That fact that Aktaş’ hateful tweet was quickly and forcefully rejected by higher-ups in Erdoğan’s party indicates that verbal attacks against Israel are being delegitimized in today’s Turkey, Goren added. “All of these developments together form a picture showing open lines of communication and that Turkey is trying to project a better atmosphere,” he said.
And yet, this cautious rapprochement by no means guarantees that Jerusalem and Ankara will soon finalize a reconciliation agreement and fully normalize diplomatic ties, he believes. “There are concrete disagreements before it can be signed, and they are not removed by the most recent events. But what this development does achieve is creating a more relaxed atmosphere to conduct these negotiations in.”
Addressing reporters in the Foreign Ministry’s situation room Saturday night, Netanyahu reiterated that Israel is constantly trying to reach an agreement that will lead to normalization of ties with the Turks. “This matter is being delayed not because of frivolous reasons,” he said, “but because of fundamental issues about which we are trying to reach an understanding with them. There was a certain progress, and I hope that it will continue.”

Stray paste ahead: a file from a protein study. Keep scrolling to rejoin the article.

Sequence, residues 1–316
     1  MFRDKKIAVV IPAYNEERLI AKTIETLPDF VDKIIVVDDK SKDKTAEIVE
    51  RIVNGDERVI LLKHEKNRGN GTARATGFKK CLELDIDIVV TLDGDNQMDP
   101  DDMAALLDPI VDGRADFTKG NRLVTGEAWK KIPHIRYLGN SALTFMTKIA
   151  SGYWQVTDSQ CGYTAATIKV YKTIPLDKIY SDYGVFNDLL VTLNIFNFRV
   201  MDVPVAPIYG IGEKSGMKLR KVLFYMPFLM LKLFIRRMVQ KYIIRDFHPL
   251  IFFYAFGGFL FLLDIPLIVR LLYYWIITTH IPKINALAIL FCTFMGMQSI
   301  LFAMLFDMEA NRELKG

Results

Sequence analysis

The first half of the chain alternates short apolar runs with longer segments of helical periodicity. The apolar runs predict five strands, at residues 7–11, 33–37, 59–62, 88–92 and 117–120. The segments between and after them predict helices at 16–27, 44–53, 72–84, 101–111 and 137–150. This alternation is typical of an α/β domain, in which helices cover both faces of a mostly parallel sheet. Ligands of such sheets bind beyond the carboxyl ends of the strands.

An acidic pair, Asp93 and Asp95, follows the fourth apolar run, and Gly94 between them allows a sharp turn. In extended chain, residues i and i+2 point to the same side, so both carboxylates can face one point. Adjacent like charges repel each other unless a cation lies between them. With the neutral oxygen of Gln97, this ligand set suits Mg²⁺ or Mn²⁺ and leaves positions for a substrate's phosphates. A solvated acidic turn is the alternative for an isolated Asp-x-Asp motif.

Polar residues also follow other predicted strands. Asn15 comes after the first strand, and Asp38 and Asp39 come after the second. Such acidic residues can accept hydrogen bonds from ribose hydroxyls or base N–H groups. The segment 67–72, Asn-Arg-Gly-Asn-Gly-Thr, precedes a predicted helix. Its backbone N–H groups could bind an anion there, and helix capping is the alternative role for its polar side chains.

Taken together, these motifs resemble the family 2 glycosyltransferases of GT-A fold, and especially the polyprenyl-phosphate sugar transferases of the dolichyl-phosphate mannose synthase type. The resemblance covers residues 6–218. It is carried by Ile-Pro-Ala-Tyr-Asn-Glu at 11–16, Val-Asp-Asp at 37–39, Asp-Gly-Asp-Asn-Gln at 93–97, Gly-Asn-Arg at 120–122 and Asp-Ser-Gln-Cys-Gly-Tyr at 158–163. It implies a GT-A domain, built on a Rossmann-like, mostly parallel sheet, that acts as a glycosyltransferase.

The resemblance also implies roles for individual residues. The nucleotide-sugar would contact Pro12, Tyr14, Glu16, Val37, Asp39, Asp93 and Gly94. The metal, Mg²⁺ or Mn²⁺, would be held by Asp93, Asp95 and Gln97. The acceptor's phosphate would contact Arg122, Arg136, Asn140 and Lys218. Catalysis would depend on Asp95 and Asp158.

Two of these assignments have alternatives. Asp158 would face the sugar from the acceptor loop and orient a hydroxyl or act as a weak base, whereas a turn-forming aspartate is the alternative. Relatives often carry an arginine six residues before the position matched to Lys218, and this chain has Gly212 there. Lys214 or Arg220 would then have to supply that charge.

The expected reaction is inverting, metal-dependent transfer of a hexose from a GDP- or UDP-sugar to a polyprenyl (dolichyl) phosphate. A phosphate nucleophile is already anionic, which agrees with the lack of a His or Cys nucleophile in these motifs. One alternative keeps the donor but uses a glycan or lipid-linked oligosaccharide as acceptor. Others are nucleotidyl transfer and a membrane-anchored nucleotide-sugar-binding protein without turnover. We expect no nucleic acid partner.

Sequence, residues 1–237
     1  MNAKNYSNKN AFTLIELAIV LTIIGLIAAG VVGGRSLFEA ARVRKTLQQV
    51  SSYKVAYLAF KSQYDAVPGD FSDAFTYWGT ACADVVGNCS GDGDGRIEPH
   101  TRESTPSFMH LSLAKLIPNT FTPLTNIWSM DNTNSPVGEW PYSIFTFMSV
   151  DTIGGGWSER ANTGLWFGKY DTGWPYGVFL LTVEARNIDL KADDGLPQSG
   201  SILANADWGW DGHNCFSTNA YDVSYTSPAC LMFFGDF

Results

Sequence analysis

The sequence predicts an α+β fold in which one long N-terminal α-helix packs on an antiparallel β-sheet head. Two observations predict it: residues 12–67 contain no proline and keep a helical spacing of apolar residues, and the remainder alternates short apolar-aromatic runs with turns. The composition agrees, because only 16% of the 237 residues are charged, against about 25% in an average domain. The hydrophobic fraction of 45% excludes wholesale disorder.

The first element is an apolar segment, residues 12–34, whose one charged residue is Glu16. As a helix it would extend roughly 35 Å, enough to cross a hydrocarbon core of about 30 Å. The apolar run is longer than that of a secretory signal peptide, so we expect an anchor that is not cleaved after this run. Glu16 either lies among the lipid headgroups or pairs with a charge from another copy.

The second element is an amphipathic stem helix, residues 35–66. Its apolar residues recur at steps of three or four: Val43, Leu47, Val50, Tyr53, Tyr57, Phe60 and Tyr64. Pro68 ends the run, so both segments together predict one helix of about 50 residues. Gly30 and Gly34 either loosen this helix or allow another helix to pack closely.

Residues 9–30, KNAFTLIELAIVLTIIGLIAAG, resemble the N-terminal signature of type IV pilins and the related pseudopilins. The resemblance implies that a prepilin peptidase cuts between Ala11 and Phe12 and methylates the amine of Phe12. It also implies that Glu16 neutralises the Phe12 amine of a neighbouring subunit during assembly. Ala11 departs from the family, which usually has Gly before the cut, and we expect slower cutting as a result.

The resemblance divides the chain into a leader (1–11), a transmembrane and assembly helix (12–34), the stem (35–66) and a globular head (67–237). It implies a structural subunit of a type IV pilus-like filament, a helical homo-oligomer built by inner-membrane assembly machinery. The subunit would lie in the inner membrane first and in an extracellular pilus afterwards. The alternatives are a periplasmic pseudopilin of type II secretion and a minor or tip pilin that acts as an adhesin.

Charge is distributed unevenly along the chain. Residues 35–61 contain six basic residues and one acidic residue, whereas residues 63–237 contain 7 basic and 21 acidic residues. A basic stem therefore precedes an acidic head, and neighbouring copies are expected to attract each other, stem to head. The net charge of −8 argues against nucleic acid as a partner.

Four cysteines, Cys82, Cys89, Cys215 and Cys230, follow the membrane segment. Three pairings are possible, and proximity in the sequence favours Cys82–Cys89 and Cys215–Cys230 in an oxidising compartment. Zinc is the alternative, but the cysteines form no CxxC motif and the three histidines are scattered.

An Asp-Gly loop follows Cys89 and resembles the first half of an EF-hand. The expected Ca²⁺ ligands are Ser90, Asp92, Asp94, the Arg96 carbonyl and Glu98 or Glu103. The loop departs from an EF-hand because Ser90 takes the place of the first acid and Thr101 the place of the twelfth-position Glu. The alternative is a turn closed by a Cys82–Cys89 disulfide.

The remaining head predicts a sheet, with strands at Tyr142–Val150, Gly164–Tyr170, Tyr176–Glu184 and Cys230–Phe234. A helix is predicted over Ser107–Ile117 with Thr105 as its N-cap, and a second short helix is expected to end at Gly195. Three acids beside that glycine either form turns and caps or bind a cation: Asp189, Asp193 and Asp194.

Netanyahu is referring to Gaza — Ankara requests Israel lift its naval blockade of the Strip, which Israel opposes adamantly — as well as Jerusalem’s concern over senior Hamas leaders based in Turkey. Israel demands Turkey prevent any Hamas activity from its territory as a precondition to normalization. In addition, some important players in the region — Egypt, Cyprus, Greece, Russia — are skeptical over an Israeli detente with Ankara.
Indeed, an overly hurried reconciliation might not necessarily be in Israel’s best interest, argued Efrat Aviv, a Turkey expert at Bar-Ilan University.
It is true that the events of the last few days testify to an increased closeness between Ankara and Jerusalem, she said. “But,” she added, “I wonder if we really need this right now, a final reconciliation agreement.”